Tom:                      But that brings up an extremely valuable point. It is obviously not just the scientists that we should be angry at. The other side of this coin is the peer reviewers, the publishers and the journals. We know there is a lot of publication bias. This is where results are published and selected that are more interesting and will generate more interest for the journal. So there is bias there in the way that just the articles that get published are picked. For example, I’ve got a couple of examples of this is obviously people cannot tell the future. This is something a consensus that most of us humans have come to, but there was one paper that said undergraduates had pre cognitive abilities. They could tell the future to a certain degree and it was published in a paper. Then quite a few different teams tried to repeat this experiment and publish it in the same journal and they were refused. Why? Because they didn’t want to repeatabilities and they didn’t want negative results. On that note of repeatability, in 2012 a study tried to repeat 63 cancer studies, but it found that only six could be repeated. Why is that? Because the freaks, the outliers, the data freaks, not people freaks are the ones that get published because they’re interesting and they show something that hasn’t been seen before. The positive results, even if you’re after a negative. So whilst yes, this was the bad practice of the scientist, it was either the even worse practice of the people who are meant to be filtering this stuff out. The people who have been in the industry and are trusted to stop the bad practices, making it through. That means we need a change in paradigm. We need to make it easy to publish negative results. We need to make it so that this isn’t seen as a bad thing. Because as I’ve said before, negative results are sometimes far more interesting. Don’t be swayed by the fact you might get a negative result as it leads to cutting corners and fudging your results.

Tom:                      There is a really important example of why we need to publish negative results. So in 1980 they were studying a drug called Lorcanoid, and this was to stop Arrhythmia in people who had had heart attacks, Arrhythmia being the inconsistent beating of the heart. So in this study in 1980 they had a hundred people sample already much better than the 12 and 50 of them. They gave the Lorcanoid of that 50, 10 people died to the other 50 they gave the placebo. This was the control group and only one of them died. They concluded that this drug was too dangerous and had to be discontinued and that was the absolute correct course of action. However, the results were not published because they were, they were negative. They didn’t show the outcome that was expected. They didn’t show not like a good outcome, but they didn’t show the outcome that was wanted. As such, the results were not published and in the following five, 10, 15 years, other companies had the same idea, but the problem with that is in those five, 10 years, 100,000 people died from antiarrhythmic drugs and this could be totally, totally avoidable if first paper on Lorcanoid had been published and they realized that it wasn’t just a fluke in the study that it was actually antiarrhythmic drugs. So there is lots of publication bias in today’s world it has being shown that positive findings are twice as likely to be published now to put that into kind of context for you. If I flipped a coin 100 times and then I took half the data away, I can make it look like that I have a coin with two heads or two tails on. I have a double sided coin when in actual fact I have a normal coin, but I’ve manipulated the data by taking half of it away from you. That’s exactly what is going on and that is why I called it a plague. At the top of the show.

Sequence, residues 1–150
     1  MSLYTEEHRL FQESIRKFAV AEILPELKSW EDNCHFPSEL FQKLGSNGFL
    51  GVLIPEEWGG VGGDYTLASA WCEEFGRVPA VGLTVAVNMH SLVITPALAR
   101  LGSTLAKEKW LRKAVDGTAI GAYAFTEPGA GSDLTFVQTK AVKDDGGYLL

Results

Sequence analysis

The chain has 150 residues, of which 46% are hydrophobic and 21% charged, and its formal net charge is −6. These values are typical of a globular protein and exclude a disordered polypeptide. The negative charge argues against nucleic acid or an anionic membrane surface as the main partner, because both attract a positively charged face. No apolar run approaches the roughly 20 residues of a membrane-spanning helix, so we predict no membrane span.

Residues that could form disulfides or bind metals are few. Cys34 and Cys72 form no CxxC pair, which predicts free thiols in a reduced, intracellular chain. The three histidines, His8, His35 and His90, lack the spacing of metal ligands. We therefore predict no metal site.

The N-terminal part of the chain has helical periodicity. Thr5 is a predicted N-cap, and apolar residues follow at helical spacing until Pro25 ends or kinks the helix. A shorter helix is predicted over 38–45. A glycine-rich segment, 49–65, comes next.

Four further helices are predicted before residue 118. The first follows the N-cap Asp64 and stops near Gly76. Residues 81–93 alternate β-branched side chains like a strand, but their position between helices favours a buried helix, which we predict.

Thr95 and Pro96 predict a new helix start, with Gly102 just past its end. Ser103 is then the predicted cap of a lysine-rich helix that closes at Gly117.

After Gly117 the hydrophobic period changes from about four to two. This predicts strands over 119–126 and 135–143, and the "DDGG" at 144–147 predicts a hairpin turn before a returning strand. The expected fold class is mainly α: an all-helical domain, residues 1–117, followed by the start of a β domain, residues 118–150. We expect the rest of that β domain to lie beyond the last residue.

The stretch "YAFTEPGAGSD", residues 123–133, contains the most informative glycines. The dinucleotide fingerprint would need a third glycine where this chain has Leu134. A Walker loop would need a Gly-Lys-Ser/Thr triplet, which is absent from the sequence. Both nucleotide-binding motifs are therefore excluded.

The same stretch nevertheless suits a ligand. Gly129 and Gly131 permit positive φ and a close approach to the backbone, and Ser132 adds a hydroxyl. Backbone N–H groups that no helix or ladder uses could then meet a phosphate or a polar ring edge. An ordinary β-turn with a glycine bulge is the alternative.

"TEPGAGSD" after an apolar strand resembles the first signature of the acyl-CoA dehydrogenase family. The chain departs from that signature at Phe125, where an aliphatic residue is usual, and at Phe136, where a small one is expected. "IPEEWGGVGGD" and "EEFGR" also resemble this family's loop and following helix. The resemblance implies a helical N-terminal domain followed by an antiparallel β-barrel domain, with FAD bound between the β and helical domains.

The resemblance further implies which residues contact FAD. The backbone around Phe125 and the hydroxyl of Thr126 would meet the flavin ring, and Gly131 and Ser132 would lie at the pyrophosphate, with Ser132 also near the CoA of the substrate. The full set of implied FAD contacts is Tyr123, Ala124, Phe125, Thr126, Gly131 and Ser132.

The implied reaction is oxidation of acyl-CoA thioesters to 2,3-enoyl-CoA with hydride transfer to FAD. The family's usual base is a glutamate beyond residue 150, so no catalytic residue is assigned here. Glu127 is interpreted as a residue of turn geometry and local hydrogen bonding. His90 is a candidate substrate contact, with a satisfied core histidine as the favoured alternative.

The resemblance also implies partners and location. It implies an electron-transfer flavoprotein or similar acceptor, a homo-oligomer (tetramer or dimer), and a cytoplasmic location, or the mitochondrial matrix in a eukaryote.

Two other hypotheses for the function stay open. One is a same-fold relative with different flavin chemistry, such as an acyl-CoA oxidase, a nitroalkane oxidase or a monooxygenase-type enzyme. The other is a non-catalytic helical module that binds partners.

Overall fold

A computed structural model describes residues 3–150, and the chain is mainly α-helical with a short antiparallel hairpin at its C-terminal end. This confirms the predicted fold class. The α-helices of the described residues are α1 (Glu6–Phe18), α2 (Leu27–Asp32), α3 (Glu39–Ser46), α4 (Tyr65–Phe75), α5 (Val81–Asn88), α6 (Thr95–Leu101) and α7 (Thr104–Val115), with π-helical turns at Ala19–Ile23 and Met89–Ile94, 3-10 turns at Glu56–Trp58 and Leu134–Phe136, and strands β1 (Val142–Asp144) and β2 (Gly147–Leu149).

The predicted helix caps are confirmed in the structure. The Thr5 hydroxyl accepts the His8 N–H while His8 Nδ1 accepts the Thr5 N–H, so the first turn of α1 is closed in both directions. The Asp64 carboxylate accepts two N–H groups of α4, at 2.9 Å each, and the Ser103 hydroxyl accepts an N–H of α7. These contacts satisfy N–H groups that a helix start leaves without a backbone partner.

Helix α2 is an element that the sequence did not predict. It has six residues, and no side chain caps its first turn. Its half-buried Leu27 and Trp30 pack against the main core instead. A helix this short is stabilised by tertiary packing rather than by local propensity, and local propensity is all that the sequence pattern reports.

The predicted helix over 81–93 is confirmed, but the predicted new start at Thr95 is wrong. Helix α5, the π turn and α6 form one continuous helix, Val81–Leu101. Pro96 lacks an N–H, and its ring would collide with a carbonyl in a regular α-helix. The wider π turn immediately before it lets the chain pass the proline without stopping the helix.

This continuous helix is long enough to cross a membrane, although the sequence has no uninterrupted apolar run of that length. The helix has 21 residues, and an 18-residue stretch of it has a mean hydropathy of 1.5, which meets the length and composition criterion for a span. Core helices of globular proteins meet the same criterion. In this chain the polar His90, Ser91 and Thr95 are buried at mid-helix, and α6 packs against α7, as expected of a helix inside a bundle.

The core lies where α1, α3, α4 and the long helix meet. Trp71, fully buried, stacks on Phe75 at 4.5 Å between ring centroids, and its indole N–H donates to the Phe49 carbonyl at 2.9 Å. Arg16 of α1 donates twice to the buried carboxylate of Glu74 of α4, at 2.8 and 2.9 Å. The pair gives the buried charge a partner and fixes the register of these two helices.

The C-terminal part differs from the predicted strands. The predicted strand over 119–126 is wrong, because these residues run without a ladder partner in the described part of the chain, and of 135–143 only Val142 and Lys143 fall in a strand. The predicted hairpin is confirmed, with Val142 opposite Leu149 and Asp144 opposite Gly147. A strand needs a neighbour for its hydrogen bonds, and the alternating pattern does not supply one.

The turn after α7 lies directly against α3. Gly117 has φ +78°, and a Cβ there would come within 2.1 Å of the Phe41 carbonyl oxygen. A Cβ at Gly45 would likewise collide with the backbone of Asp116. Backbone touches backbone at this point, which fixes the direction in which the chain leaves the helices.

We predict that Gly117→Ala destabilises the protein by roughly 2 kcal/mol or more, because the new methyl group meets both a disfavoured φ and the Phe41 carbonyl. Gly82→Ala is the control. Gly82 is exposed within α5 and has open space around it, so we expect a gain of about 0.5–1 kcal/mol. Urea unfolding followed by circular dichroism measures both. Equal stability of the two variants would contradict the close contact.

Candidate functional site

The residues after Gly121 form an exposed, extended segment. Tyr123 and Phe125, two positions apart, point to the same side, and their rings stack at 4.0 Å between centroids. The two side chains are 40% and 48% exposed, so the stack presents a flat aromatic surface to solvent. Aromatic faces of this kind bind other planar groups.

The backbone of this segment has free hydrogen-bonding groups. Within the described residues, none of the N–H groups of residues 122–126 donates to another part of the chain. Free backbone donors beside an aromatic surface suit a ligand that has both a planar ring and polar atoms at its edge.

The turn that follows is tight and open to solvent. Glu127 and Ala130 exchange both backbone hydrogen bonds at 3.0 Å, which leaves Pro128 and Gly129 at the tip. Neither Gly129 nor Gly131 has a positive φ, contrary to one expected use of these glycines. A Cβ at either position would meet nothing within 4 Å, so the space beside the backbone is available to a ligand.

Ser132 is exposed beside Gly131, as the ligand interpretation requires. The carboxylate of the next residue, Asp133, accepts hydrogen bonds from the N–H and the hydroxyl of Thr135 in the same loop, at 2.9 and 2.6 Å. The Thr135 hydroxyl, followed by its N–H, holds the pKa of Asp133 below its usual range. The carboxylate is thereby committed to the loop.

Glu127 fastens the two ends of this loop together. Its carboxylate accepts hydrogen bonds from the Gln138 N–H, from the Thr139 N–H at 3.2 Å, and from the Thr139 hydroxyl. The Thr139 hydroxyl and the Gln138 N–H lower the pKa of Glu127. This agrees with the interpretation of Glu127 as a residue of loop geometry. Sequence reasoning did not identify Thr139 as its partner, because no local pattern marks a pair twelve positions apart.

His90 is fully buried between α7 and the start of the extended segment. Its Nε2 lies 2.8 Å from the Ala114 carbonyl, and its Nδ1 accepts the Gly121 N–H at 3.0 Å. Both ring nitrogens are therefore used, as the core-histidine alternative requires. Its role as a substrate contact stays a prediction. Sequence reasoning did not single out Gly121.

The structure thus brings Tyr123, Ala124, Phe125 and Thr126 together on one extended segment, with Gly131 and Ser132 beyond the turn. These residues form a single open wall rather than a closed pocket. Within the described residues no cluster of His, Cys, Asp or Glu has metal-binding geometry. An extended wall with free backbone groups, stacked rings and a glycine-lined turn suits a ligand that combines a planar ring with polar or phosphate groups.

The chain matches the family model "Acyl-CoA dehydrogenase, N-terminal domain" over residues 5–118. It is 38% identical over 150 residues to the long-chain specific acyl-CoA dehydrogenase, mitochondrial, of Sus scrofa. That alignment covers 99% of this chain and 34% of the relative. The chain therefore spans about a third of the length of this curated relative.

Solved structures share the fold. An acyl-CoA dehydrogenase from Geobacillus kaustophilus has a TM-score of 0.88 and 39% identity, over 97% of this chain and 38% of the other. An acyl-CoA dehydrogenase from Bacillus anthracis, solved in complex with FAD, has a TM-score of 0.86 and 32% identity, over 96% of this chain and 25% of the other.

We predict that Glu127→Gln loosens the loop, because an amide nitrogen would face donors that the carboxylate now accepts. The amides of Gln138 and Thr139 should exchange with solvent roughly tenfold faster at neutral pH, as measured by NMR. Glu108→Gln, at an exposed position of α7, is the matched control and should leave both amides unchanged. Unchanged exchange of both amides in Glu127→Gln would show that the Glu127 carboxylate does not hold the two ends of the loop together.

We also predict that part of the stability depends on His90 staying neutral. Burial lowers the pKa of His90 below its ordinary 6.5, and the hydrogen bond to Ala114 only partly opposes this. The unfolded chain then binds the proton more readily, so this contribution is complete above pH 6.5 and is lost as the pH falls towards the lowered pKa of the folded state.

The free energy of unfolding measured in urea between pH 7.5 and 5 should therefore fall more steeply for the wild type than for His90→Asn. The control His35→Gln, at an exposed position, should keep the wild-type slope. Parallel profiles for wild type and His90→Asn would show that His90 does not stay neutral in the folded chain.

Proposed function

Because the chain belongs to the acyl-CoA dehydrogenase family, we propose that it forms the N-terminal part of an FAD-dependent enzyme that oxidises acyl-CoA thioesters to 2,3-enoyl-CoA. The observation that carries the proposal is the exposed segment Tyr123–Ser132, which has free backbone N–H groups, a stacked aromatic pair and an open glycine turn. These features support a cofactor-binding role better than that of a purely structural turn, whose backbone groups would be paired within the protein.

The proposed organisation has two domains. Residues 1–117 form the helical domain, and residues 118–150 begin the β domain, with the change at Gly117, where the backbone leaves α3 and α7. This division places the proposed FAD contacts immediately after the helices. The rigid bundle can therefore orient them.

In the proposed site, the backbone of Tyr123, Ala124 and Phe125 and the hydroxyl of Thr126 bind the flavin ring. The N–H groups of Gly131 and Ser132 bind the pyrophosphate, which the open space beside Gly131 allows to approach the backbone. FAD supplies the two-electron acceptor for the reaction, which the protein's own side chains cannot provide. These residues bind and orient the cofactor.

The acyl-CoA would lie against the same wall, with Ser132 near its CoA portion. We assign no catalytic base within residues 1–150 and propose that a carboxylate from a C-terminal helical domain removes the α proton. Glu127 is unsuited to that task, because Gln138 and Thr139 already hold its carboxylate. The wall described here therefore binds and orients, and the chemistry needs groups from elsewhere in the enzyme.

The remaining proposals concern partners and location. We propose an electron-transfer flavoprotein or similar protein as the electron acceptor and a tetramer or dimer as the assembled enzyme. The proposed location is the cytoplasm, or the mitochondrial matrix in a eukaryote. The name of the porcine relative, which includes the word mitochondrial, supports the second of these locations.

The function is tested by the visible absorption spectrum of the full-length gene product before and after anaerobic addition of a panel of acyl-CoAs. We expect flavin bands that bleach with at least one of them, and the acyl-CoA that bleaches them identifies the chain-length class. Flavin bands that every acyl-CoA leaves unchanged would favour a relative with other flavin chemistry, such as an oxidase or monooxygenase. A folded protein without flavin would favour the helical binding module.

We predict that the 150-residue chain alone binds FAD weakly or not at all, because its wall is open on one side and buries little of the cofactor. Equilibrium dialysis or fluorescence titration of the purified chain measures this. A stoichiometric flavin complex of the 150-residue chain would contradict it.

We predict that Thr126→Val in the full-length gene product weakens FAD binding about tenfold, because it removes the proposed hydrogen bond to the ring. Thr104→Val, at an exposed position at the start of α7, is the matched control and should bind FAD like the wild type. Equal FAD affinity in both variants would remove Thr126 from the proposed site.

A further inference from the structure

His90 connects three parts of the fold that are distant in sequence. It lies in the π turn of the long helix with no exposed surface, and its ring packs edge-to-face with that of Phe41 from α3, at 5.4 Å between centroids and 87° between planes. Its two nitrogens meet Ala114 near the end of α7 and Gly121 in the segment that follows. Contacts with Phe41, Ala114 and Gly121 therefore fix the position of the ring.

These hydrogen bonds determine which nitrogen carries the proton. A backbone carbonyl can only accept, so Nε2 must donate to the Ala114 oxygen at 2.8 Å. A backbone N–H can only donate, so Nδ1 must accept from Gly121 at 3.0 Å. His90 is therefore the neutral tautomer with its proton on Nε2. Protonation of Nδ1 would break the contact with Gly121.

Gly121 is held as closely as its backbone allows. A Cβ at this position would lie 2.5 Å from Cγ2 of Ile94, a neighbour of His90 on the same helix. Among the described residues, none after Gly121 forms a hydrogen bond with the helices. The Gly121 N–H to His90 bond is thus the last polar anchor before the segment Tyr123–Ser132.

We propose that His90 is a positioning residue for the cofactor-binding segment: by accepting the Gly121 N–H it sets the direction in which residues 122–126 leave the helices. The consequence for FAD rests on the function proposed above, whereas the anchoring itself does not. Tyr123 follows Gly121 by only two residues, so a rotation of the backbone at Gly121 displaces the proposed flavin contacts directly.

Tom:                      Moving on to the takeaways and conclusions. Then I mean, as I said is not only down to individual scientists but also the people publishing the results. If you’re an individual scientist listening old or new, keep at it. Make good practice. Make repeatability. Show why you are in this industry. If you are a peer reviewer, you are a publisher, you are an editor. Be brave enough to say this isn’t done right. We will not accept it. Be brave enough to publish negative results for they are just as important as shown with the Lorcanoid study. J Michael Bishop and American immunologist and Nobel Prize winner said “science now finds itself in paradoxical strife with society. Admired but mistrusted boasting remarkable advances but criticized” and that I think is something that we need to get past together.

Tom:                      However, that is all I have time for this week. So guys, thank you so much for stopping by. If you want to check out all the latest goings on, you can head to you can find us on Facebook and Twitter by searching @ConductScience. If you want to suggest to guests, suggest a topic for either this show or the main show, please use the #ConductScience. If you are listening on iTunes, Spotify, PodBean, Stitcher, GooglePlay, wherever, drop us a follow, drop us a rating. That is so hugely important when we are starting up a podcast and I would appreciate it so much. So thank you very much guys for listening and I’ll see you guyyyssss… A next time.